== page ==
Echoing with joyful song and with a congregation bent on leading better lives, this London church is like any other — except there's no mention of God.
Britain's atheist church is barely three months old but it already has more "worshippers" than can fit into its services, while more than 200 non-believers worldwide have contacted organisers to ask how they can set up their own branch.
Officially named The Sunday Assembly, the church was the brainchild of Pippa Evans and Sanderson Jones, two comedians who suspected there might be an appetite for atheist gatherings that borrowed a few aspects of religious worship.
Held in an airy, ramshackle former church in north London, their quirky monthly meetings combine music, speeches and moral pondering with large doses of humour.
"There's so much about Church that has nothing to do with God — it's about meeting people, it's about thinking about improving your life," said Jones, a gregarious 32-year-old with a bushy beard and a laugh like a thunderclap.
The Sunday Assembly's central tenets are to "help often, live better and wonder more" — themes that would not be out of keeping with the teachings of any major world religion.
At last Sunday's service, which had a volunteering theme, songs included Help by the Beatles and Holding Out For A Hero by Bonnie Tyler.
The "sermon" was given by the founder of an education charity, while in a section called Pippa Is Trying Her Best, Evans had the congregation in stitches as she reported on her attempts at voluntary work.
The service ended with big cheers and — this is Britain, after all — shouts of "Who would like a cup of tea?"
Like many Western countries, Britain is becoming an increasingly faithless nation.
While a majority still consider themselves Christians, census data revealed in December that their numbers plummeted from 72 percent in 2001 to 59 percent in 2011.
The proportion of Britons with no religion, meanwhile, shot up from 15 percent to 25 percent over the same period.
But the Sunday Assembly's success — 400 Londoners packed into last week's two services, while 60 had to be turned away at the door — suggests many urban atheists crave the sense of community that comes with joining a church.
"You can spend all day in London not talking to anyone," said Evans. "I think people really want somewhere they can go and meet other people, which doesn't involve drinking and which you don't have to pay to get into."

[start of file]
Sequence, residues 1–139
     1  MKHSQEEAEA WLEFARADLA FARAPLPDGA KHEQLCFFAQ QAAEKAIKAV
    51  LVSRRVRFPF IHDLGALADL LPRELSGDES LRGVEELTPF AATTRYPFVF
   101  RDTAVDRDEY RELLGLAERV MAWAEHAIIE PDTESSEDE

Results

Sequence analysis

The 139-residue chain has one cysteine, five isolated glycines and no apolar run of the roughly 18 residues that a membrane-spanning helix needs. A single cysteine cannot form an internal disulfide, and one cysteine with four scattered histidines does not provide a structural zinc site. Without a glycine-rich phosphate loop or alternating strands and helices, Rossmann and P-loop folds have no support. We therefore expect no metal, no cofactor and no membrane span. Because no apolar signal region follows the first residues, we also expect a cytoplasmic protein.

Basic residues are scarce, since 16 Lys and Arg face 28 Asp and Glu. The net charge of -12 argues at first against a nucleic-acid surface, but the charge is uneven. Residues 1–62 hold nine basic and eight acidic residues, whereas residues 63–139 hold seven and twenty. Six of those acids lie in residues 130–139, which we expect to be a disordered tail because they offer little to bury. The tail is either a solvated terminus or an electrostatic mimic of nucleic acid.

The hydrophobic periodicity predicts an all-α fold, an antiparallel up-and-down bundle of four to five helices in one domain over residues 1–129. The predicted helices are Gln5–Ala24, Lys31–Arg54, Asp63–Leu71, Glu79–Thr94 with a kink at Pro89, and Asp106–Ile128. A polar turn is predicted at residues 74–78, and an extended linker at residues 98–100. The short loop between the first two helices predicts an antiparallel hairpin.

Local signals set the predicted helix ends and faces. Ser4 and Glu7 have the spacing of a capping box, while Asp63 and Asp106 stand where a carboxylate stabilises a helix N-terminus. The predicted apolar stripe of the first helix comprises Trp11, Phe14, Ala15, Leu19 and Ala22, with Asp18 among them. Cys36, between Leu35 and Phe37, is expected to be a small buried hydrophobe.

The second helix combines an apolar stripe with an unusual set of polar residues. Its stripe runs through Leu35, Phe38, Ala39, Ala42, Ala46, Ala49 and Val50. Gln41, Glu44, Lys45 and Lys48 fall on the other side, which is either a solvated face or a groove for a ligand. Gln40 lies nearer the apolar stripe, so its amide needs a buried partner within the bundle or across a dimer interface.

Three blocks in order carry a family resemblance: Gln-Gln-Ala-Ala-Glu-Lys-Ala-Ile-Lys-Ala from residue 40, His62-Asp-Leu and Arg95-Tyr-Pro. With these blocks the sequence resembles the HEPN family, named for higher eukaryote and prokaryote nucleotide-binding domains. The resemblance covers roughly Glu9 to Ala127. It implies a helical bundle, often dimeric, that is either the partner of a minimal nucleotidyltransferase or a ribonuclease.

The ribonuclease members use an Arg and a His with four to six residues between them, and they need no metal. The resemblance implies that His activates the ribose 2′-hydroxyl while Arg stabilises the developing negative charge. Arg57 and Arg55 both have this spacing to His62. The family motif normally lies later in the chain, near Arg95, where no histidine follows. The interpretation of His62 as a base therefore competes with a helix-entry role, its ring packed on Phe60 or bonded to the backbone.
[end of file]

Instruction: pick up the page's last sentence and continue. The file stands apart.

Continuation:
It's an idea that is catching the attention of atheists further field.
Jones reels off the locations of would-be atheist "vicars" who have asked to set up new branches.
"Colombia, Bali, Mexico, Houston, Silicon Valley, Philadelphia, Ohio, Calgary, all across Britain, The Hague, Vienna... It's so ludicrously exciting that my head occasionally — literally — spins round."
The pair cheerfully admit that they have "ripped off" many elements of their services from the Christian Church. "You're asking people to do new things, so it makes sense for it to be familiar," said Jones.
Religious people have been broadly supportive of the aims of the atheist church. "The only thing is, they've said they'll have to think about what to do if it gets bigger," Evans laughed.
"Actually, the biggest aggression towards us has probably been from atheists saying that we're ruining atheism and not not believing in God properly. So that's quite funny."
The assembly met the approval of local vicar Dave Tomlinson, who came from his church two miles away to see what his new rivals were up to.
"Being here, I felt there was as much of what I call 'God' as there was in my own church this morning," he said. "Everything we've said here would be completely at home in my church. I hope it grows and sustains."
The second Sunday Assembly launches in the Scottish city of Glasgow at the end of March, while Evans will open an Australian branch in April.
She and Jones say they don't want to exert too much control over any new assemblies — but they will keep a watchful eye over them.
"We only need one child sacrifice at a Sunday Assembly to spoil it for everyone," Jones joked.
As for how far the idea could eventually spread, the pair are in the dark.
"Who knows?" said Evans. "We have no idea. We're just enjoying finding out what it is."